Ecomerchant offers trade rates to MCS installers, we are willing to pass enquiries and leads to regular users of our range of biomass boilers & burners. We also run special offers online available to all for specific products and seasonal promotions, not to be used in conjunction with any other offer from our large range awood and pellet burners. As part of our drive to sustainable affordable, if you find comparable products elsewhere, please contact us with details and we will attempt to compete with the price.
Choosing Biomass as a heating solution requires careful consideration for a number of reasons irstly is it sustainable? uilding with and subsequently locking up the embodied carbon for 60 plus years is far better than releasing it into the atmosphereo what makes biomass sustainable? Scale is the key, building biomass power stations and importing stock from around the world and using UK wood destined for sheet material production (for example OSB in Scotland) to generate electrical power relatively inefficient once you allow for grid loses isn’t that sustainable. domestic scale heating at the point of use and located in areas near woodland can help stimulate micro businesses managing woodland that might have been uneconomic without the demand for logs. The production of pellets & chip from wood waste could also be putting recycled timber to good use.
Wood fired heating of an autonomous house can be sustainable if the fuel is harvested on site, assuming the house is low energy the burner is active (over 90% efficient). This in combination with on site electrical generation by wind, solar PV, hydro etc would eliminate the need for importing energy to site and is probably the ambition of many eco-self sufficiency people such as me! But the real key is limit the need ake sure your building is as energy efficient as possible, ideally to passive house (Passiv Haus) standards f you can then your heat load & running costs through the year will be minimal. Putting a biomass boiler into a typical semi-detached house in town and buying ready dried logs will cost more to run than a condensing boiler and take up time every day in loading, so it certainly doesn’t suit everyone and every location. It is best suited to remote housing farms and small businesses near woodland. A perfect example is Kent where there are many acres of chestnut coppice which have been uneconomic to manage since the downturn in the wood pulp market following the closure of large paper mills. Managing chestnut coppice is now becoming more viable with an increase in use of wood fired heating.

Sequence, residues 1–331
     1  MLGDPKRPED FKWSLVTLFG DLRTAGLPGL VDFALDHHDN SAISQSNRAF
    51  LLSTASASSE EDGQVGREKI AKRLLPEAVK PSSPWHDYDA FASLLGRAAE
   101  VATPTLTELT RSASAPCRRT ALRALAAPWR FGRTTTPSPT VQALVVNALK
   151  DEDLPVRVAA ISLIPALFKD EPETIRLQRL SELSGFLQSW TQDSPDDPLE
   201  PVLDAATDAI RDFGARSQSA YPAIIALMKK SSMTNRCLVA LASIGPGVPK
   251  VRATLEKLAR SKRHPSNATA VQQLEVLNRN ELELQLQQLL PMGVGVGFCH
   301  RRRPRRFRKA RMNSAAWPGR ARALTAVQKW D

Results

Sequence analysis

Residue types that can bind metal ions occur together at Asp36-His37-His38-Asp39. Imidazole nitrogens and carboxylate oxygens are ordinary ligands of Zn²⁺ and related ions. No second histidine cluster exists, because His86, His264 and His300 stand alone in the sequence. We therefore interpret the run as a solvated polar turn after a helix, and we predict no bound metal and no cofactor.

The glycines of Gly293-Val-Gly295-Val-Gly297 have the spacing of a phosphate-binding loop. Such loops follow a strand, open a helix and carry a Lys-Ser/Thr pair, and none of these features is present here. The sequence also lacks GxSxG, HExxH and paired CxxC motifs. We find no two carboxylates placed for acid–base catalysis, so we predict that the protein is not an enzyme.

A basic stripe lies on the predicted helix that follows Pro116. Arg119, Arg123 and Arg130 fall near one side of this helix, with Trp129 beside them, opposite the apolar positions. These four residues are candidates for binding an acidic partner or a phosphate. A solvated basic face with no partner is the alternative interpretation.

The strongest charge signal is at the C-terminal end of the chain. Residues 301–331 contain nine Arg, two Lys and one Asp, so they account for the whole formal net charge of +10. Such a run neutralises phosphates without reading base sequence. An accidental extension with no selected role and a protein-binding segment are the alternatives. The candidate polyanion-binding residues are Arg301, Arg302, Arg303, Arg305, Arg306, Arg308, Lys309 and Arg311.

The biomass industry uses the terms biomass boilers & biomass burners; the technical difference is that a boiler is like a gas boiler, which is a remote unit that generates heat for a heatiing system but does not emit a lot of heat in its location. A biomass burner is generally considered to be a wood burner with back boiler generating heat in its location and providing heat for heating and water. Both types can be used to heat thermal stores.
For optimal use, you also need a Thermal Storage Tank so that the hot water you produce from whichever boiler you choose can be stored for later use. You also need to think about where you are going to install the Thermal Storage Tank and how you are going to get them into the area as they can be wider than a normal door opening.